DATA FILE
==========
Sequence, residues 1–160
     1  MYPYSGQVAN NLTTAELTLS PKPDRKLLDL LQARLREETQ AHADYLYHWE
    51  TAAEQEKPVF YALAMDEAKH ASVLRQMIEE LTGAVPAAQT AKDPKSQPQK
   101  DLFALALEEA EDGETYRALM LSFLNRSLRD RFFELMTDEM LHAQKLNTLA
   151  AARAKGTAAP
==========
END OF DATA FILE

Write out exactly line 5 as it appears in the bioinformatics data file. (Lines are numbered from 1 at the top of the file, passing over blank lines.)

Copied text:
   151  AARAKGTAAP